By: Alexander R. Zwillinger, Esq.

The goal of any contract is predictability. The parties want to know from the outset what their rights and obligations are, what they need to do, and what they can expect from the other side. To that end, a well-drafted contract will be clear, unambiguous, and thorough about each side’s promises and expectations. It will consider and address in advance as many risks and contingencies as possible.

But even the best contracts are breached, leaving the parties to calculate and prove their damages. Doing so, however, can be difficult. It is not always easy to quantify the ways a breach caused injury, presenting a prospective challenge for evaluating whether it makes sense to wait until a breach has occurred, or a retrospective challenge of proving actual damages after the fact.

To address those challenges, parties can negotiate the damages in advance through liquidated damages provisions. A liquidated damages provision is a predetermined amount or formula for calculating damages for breach of contract, agreed to at the time of contracting.[1] Ideally, liquidated damages should be the parties’ best estimate of what their damages would be in the event of breach.

In our practice at Kenney & Sams, we often see liquidated damages provisions in construction contracts, providing a specified cost for delays. For example, a construction contract might put a fixed amount for each day beyond the contractual completion date, setting in advance precisely the consequences for missing agreed upon deadlines to account for things like debt service and taxes. We also see liquidated damages provisions in commercial contracts tied to restrictive covenants, such as non-solicitation and non-disclosure agreements. For example, the parties may devise a formula for calculating the damage for each customer stolen or trade secrets disclosed. In both contexts the purpose is to provide predictability and certainty.

Liquidated damages provisions will only be enforced, however, if they are not a penalty. The key is that the amount of liquidated damages specified in a contract must be reasonably related to the anticipated or actual loss caused by the breach.[2] An unreasonable liquidated damages provision is unenforceable on public policy grounds as a penalty.[3] Massachusetts courts will only enforce a liquidated damages clause provided each of two criteria are met: (1) at the time of contracting, the amount of actual damages flowing from a breach was difficult to determine; and (2) the amount agreed upon as liquidated damages was a reasonable forecast of damages expected to occur in the event of a breach.[4] If either of those things is missing, the provision is unenforceable. Importantly, the evaluation is at the time of contracting. The court will not consider the actual damages after the breach of contract as long as the estimate before the breach was reasonable.[5]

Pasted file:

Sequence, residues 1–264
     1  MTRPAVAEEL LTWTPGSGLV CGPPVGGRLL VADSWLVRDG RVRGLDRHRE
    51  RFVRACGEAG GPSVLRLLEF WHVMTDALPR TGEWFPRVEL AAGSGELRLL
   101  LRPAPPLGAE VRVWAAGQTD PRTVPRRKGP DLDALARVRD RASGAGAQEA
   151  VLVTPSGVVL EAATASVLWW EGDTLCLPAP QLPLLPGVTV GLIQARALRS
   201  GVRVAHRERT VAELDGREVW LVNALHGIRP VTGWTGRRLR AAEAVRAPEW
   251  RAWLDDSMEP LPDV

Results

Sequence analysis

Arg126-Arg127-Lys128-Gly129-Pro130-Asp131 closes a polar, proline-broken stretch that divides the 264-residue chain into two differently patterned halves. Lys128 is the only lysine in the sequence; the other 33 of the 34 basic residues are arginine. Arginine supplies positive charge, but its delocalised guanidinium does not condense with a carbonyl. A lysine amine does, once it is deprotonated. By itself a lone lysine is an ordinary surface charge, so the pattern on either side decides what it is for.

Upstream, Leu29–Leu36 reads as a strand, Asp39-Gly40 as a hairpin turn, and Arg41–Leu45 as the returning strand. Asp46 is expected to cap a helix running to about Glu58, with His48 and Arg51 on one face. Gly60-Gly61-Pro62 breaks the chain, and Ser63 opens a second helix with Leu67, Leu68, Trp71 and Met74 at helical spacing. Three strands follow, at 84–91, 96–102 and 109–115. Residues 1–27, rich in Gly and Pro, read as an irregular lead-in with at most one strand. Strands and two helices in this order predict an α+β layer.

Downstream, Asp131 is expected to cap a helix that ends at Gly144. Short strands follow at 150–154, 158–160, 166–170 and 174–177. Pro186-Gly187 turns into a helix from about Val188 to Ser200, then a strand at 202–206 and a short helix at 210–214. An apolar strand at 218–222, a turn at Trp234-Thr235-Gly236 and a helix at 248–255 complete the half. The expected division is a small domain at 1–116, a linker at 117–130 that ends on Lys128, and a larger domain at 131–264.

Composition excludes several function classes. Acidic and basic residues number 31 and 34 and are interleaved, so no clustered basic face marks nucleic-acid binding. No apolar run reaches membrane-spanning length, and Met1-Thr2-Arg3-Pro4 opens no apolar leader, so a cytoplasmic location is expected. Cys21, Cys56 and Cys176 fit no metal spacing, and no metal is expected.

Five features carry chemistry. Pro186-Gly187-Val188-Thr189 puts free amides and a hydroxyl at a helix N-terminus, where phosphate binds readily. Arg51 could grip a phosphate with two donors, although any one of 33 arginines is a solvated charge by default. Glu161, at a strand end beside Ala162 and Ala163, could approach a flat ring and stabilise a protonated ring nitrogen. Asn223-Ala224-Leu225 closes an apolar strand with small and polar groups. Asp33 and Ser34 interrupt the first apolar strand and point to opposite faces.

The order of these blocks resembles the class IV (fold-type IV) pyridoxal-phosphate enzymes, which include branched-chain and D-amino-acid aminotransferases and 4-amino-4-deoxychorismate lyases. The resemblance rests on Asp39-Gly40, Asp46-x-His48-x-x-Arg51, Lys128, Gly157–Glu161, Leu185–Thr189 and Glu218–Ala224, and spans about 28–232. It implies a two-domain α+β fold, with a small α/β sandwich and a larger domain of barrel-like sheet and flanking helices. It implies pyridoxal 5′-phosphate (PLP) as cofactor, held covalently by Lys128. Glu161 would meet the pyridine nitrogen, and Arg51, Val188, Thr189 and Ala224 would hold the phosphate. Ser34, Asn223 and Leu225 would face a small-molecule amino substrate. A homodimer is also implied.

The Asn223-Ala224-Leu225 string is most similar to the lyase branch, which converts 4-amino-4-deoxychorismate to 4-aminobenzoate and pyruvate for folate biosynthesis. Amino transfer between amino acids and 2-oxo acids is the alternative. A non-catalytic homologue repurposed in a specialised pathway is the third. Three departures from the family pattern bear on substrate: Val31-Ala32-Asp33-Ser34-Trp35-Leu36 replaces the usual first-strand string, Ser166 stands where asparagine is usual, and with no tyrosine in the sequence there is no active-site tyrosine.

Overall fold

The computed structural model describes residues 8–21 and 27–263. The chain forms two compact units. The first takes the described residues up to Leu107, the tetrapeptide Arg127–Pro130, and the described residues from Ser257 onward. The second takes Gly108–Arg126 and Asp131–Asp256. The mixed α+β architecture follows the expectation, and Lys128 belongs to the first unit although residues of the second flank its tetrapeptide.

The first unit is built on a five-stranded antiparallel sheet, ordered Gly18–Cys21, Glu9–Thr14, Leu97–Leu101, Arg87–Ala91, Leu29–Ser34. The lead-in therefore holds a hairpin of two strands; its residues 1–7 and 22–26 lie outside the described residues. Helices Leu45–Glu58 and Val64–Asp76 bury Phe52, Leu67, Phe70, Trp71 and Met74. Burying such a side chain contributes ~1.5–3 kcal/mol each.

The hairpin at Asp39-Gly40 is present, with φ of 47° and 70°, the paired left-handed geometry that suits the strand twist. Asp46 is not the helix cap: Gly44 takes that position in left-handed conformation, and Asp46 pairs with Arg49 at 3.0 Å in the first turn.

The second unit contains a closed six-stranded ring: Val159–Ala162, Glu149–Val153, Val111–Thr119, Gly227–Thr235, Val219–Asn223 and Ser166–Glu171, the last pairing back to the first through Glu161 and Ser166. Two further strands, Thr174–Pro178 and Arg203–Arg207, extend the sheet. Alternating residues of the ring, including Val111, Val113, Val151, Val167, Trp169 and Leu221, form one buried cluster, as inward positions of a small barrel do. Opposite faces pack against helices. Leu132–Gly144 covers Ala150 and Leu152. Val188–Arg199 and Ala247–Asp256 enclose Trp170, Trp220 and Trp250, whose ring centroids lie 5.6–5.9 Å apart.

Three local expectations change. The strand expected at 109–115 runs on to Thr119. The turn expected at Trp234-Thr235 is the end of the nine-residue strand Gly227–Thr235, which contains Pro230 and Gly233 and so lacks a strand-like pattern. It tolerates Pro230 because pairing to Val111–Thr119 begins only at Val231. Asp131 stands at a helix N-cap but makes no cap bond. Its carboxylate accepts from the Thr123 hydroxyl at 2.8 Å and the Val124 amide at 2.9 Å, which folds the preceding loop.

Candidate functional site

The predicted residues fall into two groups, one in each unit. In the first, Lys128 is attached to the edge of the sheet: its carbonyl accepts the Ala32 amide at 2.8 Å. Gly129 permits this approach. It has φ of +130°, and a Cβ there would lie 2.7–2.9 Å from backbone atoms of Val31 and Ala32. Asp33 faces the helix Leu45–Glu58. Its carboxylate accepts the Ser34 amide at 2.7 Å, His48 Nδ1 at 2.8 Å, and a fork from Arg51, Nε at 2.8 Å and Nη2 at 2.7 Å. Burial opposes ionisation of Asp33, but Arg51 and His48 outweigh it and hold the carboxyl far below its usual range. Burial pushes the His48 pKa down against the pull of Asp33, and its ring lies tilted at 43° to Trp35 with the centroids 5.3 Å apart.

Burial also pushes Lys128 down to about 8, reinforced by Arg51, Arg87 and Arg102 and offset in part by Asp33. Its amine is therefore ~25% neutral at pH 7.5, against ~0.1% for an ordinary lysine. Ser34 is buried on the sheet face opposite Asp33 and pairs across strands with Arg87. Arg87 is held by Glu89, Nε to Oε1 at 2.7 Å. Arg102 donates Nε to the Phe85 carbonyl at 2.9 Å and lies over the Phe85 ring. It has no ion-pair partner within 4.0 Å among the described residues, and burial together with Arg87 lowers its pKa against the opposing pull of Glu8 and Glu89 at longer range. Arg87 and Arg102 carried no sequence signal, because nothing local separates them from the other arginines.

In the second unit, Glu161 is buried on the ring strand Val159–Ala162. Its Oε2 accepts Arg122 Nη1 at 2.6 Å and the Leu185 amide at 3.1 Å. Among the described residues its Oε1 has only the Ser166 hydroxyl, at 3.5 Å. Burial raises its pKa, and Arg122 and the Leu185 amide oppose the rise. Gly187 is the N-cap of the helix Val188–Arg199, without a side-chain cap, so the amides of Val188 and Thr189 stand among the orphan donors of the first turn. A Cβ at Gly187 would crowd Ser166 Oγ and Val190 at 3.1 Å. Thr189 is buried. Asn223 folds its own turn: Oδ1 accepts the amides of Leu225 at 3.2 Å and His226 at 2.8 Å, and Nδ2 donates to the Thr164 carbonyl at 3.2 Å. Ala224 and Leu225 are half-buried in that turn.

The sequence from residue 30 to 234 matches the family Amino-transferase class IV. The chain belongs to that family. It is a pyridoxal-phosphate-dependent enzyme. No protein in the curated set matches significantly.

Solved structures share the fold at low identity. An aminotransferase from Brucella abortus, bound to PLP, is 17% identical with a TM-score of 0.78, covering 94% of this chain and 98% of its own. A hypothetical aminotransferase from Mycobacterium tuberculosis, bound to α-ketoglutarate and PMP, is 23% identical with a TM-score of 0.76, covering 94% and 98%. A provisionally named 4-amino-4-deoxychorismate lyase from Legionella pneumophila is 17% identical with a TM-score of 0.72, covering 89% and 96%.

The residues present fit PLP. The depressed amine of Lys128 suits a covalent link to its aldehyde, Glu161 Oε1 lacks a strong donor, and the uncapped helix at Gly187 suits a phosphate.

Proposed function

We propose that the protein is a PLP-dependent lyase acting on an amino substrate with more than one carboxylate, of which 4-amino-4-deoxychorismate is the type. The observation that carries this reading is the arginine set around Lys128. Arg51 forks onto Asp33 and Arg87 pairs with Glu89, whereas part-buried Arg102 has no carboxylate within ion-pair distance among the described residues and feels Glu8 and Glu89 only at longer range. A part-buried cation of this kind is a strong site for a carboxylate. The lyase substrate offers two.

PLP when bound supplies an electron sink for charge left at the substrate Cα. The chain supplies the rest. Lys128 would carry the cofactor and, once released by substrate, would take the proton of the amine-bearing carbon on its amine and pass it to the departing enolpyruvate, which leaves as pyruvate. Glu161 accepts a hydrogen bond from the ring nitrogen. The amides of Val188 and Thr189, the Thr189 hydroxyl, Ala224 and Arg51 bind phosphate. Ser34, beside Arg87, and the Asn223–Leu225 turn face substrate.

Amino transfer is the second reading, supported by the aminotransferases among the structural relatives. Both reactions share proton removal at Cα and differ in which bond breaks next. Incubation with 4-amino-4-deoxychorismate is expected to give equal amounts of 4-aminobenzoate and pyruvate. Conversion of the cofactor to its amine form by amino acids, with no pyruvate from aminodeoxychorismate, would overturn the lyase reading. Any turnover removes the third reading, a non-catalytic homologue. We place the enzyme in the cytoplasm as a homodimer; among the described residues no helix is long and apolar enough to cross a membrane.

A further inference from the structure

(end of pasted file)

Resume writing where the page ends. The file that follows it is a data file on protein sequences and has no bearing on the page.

It is essential to draft enforceable liquidated damages provisions to accomplish the predictability they are supposed to provide. Be sure they are non-punitive, reasonable, and used only when it would be hard to calculate actual damages in case of a breach. Think carefully about and discuss fully with the counterparty exactly why you believe liquidated damages are appropriate in the context of your specific agreement.  Make a record of how you calculated the specified damages and why it is reasonable and fair for both sides.

We recently won a motion for summary judgment attacking an liquidated damages provision as an unenforceable penalty, the result of which was a total and immediate shift in the trajectory for the case. Read more here. Whether you need help drafting or enforcing a liquidated damages provision that can withstand scrutiny, Kenney & Sams is ready to help.

Anyone with questions should consult with a Kenney & Sams business litigation attorney.


[1] Factory Realty Corp. v. Corbin-Holmes Shoe Co., 312 Mass. 325, 331 (1942) (defining liquidated damages as “a sum fixed as an estimate made by the parties at the time when the contract is entered into, of the extent of the injury which a breach of the contract will cause.”).

[2] Colonial at Lynnfield, Inc. v. Sloan, 870 F.2d 761, 764 (1st Cir. 1989), citing Security Safety Corp. v. Kuznicki, 350 Mass. 157, 158 (1966); A–Z Servicenter v. Segall, 334 Mass. 672, 675 (1956); Lynch v. Andrew, 20 Mass. App. 623, 627 (1985).

[3] Lynch v. Andrew, 20 Mass. App. 623, 627 (1985); Warner v. Wilkey, 2 Mass. App. 798, 799 (1974); Restatement (Second) of Contracts § 356(1); Restatement of Contracts § 339.

[4] NPS, LLC v. Minihane, 451 Mass. 417, 420 (2008), citing Cummings Props., LLC v. National Communications Corp., 449 Mass. 490, 494 (2007).

[5] Kelly v. Marx, 428 Mass. 877, 878 (1999) (endorsing the “single look” approach).



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